A phase I/II study of gemcitabine-based chemotherapy plus curcumin for patients with gemcitabine-resistant pancreatic cancer
- 1.6k Downloads
Curcumin, a plant-derived natural polyphenol, could be a promising anti-cancer drug and shows synergic effects with cytotoxic agents. We evaluated the safety and feasibility of combination therapy using curcumin with gemcitabine-based chemotherapy.
Gemcitabine-resistant patients with pancreatic cancer received 8 g oral curcumin daily in combination with gemcitabine-based chemotherapy. The primary endpoint was safety for phase I and feasibility of oral curcumin for phase II study.
Twenty-one patients were enrolled. No dose-limiting toxicities were observed in the phase I study and oral curcumin 8 g/day was selected as the recommended dose for the phase II study. No patients were withdrawn from this study because of the intolerability of curcumin, which met the primary endpoint of the phase II study, and the median compliance rate of oral curcumin was 100% (Range 79–100%). Median survival time after initiation of curcumin was 161 days (95% confidence interval 109–223 days) and 1-year survival rate was 19% (4.4–41.4%). Plasma curcumin levels ranged from 29 to 412 ng/ml in five patients tested.
Combination therapy using 8 g oral curcumin daily with gemcitabine-based chemotherapy was safe and feasible in patients with pancreatic cancer and warrants further investigation into its efficacy.
KeywordsCurcumin Gemcitabine Pancreatic cancer
We thank Hiroe Tada and Miyuki Niimi for their contributions to data management, Emi Shimada, and Dr Vladimir Badmaev for their contributions to curcumin shipment. This work was supported by the Grant-in-Aid for Young Scientists (21790661) from the Japan Society for the Promotion of Science, Japanese Research Foundation for Clinical Pharmacology and Smoking Research Foundation.
- 1.Aggarwal S, Ichikawa H, Takada Y, Sandur SK, Shishodia S, Aggarwal BB (2006) Curcumin (diferuloylmethane) down-regulates expression of cell proliferation and antiapoptotic and metastatic gene products through suppression of IkappaBalpha kinase and Akt activation. Mol Pharmacol 69:195–206PubMedGoogle Scholar
- 2.Ali S, Ahmad A, Banerjee S, Padhye S, Dominiak K, Schaffert JM, Wang Z, Philip PA, Sarkar FH (2010) Gemcitabine sensitivity can be induced in pancreatic cancer cells through modulation of miR-200 and miR-21 expression by curcumin or its analogue CDF. Cancer Res 70:3606–3617PubMedCrossRefGoogle Scholar
- 3.Bayet-Robert M, Kwiatkowski F, Leheurteur M, Gachon F, Planchat E, Abrial C, Mouret-Reynier MA, Durando X, Barthomeuf C, Chollet P (2010) Phase I dose escalation trial of docetaxel plus curcumin in patients with advanced and metastatic breast cancer. Cancer Biol Ther 9:8–14PubMedCrossRefGoogle Scholar
- 4.Burris HA 3rd, Moore MJ, Andersen J, Green MR, Rothenberg ML, Modiano MR, Cripps MC, Portenoy RK, Storniolo AM, Tarassoff P, Nelson R, Dorr FA, Stephens CD, Von Hoff DD (1997) Improvements in survival and clinical benefit with gemcitabine as first-line therapy for patients with advanced pancreas cancer: a randomized trial. J Clin Oncol 15:2403–2413PubMedGoogle Scholar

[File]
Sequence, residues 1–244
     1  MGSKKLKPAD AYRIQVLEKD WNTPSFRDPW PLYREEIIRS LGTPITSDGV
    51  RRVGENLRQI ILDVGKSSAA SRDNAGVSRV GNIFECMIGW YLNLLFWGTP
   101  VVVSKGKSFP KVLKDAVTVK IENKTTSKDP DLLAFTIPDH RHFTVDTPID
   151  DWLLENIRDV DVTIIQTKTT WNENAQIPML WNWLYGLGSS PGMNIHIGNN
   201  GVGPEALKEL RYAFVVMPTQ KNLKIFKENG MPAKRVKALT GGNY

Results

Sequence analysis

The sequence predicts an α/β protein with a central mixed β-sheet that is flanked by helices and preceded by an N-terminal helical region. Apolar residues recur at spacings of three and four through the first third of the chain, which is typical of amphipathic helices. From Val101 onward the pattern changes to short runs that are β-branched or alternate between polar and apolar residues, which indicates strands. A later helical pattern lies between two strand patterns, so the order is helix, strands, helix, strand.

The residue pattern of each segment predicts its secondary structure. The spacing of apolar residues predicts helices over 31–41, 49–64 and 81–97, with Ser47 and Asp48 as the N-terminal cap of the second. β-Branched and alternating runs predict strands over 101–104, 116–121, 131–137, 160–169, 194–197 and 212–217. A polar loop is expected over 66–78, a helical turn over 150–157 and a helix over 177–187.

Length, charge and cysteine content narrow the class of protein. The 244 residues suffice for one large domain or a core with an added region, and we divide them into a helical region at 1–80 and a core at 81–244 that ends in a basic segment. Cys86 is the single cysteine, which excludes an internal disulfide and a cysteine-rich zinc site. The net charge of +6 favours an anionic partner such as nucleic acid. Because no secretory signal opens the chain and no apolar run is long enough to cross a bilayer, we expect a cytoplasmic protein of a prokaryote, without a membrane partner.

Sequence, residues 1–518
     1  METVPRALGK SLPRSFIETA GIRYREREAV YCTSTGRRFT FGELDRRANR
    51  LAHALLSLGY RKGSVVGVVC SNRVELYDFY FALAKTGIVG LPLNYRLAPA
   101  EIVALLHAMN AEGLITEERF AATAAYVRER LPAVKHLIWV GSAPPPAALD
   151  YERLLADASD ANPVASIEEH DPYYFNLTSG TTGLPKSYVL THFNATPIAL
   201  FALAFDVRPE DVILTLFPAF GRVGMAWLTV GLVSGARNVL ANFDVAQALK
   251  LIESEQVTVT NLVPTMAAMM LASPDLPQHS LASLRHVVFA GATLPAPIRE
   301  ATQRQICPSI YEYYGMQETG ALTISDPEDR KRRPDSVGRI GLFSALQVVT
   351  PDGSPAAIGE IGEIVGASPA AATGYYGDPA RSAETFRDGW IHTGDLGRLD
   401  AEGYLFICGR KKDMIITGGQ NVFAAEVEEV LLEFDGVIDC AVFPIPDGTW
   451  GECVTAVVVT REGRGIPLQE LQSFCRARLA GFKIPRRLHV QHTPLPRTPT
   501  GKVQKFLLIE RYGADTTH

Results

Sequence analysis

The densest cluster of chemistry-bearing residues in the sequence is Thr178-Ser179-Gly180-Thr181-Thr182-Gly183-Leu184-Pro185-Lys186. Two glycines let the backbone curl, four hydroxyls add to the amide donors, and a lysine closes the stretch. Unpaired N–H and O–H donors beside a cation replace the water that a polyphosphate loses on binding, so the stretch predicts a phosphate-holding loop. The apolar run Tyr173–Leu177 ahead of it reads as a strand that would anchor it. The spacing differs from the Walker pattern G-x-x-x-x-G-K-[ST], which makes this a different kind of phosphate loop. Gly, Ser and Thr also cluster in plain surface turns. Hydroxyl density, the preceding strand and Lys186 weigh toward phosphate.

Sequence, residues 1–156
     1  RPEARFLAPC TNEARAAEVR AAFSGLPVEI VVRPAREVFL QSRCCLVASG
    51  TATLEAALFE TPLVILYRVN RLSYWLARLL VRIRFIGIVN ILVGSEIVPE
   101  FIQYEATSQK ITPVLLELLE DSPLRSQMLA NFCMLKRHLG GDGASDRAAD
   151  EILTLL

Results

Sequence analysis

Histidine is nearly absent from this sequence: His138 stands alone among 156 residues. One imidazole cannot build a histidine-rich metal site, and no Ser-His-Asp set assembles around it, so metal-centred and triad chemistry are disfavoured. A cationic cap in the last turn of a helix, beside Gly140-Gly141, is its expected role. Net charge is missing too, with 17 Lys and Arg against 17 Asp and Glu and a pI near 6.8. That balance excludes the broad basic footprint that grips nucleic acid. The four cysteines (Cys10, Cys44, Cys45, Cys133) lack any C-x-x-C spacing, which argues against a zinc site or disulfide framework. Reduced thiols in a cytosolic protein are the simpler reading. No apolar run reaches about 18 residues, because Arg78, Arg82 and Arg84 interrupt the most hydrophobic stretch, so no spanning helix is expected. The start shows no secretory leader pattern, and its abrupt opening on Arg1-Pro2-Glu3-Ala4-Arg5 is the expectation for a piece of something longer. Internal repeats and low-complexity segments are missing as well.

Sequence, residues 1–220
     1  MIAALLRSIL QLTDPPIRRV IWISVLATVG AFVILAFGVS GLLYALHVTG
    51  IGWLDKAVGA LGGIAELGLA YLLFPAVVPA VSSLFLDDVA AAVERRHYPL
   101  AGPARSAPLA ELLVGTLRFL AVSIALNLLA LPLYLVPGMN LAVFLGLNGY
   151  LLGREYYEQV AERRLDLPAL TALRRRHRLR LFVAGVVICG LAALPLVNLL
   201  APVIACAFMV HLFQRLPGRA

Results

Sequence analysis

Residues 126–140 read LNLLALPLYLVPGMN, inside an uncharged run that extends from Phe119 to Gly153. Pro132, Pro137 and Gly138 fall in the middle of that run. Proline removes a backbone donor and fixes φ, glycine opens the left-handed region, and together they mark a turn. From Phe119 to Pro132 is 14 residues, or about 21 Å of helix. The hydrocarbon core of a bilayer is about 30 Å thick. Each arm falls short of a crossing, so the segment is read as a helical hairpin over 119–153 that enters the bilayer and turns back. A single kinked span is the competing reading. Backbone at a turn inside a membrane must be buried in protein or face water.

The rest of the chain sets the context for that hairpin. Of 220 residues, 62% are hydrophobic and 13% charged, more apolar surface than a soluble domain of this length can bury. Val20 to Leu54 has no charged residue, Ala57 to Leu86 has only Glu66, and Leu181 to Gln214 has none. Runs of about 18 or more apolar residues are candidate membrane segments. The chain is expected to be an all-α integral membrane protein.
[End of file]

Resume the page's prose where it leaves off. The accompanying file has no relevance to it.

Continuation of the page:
- 5.Cheng AL, Hsu CH, Lin JK, Hsu MM, Ho YF, Shen TS, Ko JY, Lin JT, Lin BR, Ming-Shiang W, Yu HS, Jee SH, Chen GS, Chen TM, Chen CA, Lai MK, Pu YS, Pan MH, Wang YJ, Tsai CC, Hsieh CY (2001) Phase I clinical trial of curcumin, a chemopreventive agent, in patients with high-risk or pre-malignant lesions. Anticancer Res 21:2895–2900PubMedGoogle Scholar
- 10.Golombick T, Diamond TH, Badmaev V, Manoharan A, Ramakrishna R (2009) The potential role of curcumin in patients with monoclonal gammopathy of undefined significance–its effect on paraproteinemia and the urinary N-telopeptide of type I collagen bone turnover marker. Clin Cancer Res 15:5917–5922PubMedCrossRefGoogle Scholar
- 13.Kumar A, Dhawan S, Hardegen NJ, Aggarwal BB (1998) Curcumin (Diferuloylmethane) inhibition of tumor necrosis factor (TNF)-mediated adhesion of monocytes to endothelial cells by suppression of cell surface expression of adhesion molecules and of nuclear factor-kappaB activation. Biochem Pharmacol 55:775–783PubMedCrossRefGoogle Scholar
- 14.Kunnumakkara AB, Guha S, Krishnan S, Diagaradjane P, Gelovani J, Aggarwal BB (2007) Curcumin potentiates antitumor activity of gemcitabine in an orthotopic model of pancreatic cancer through suppression of proliferation, angiogenesis, and inhibition of nuclear factor-kappaB-regulated gene products. Cancer Res 67:3853–3861PubMedCrossRefGoogle Scholar
- 17.Oettle HPU, Stieler J et al (2005) Oxaliplatin/follnic acid/5-fluorouracil [24 h] (OFF) plus best supportive care versus best supportive care alone (BSC) in secondary-line therapy of gemcitabine-refractory advanced pancreatic cancer (CONKO 003). J Clin Oncol 23:315sGoogle Scholar
- 21.Sharma RA, Euden SA, Platton SL, Cooke DN, Shafayat A, Hewitt HR, Marczylo TH, Morgan B, Hemingway D, Plummer SM, Pirmohamed M, Gescher AJ, Steward WP (2004) Phase I clinical trial of oral curcumin: biomarkers of systemic activity and compliance. Clin Cancer Res 10:6847–6854PubMedCrossRefGoogle Scholar
- 24.Therasse P, Arbuck SG, Eisenhauer EA, Wanders J, Kaplan RS, Rubinstein L, Verweij J, Van Glabbeke M, van Oosterom AT, Christian MC, Gwyther SG (2000) New guidelines to evaluate the response to treatment in solid tumors. European Organization for Research and Treatment of Cancer, National Cancer Institute of the United States, National Cancer Institute of Canada. J Natl Cancer Inst 92:205–216PubMedCrossRefGoogle Scholar
- 29.Yamauchi J, Kanai M, Matsumoto S, Nishimura T, Yazumi S, Kami K, Kawaguchi Y, Yasuda H, Kitano T, Misawa A, Ishiguro H, Yoshikawa K, Yanagihara K, Fukushima M, Doi R, Chiba T (2008) Clinical outcome of gemcitabine/S-1 combination therapy for advanced pancreatic cancer. Pancreas 36:327–328PubMedCrossRefGoogle Scholar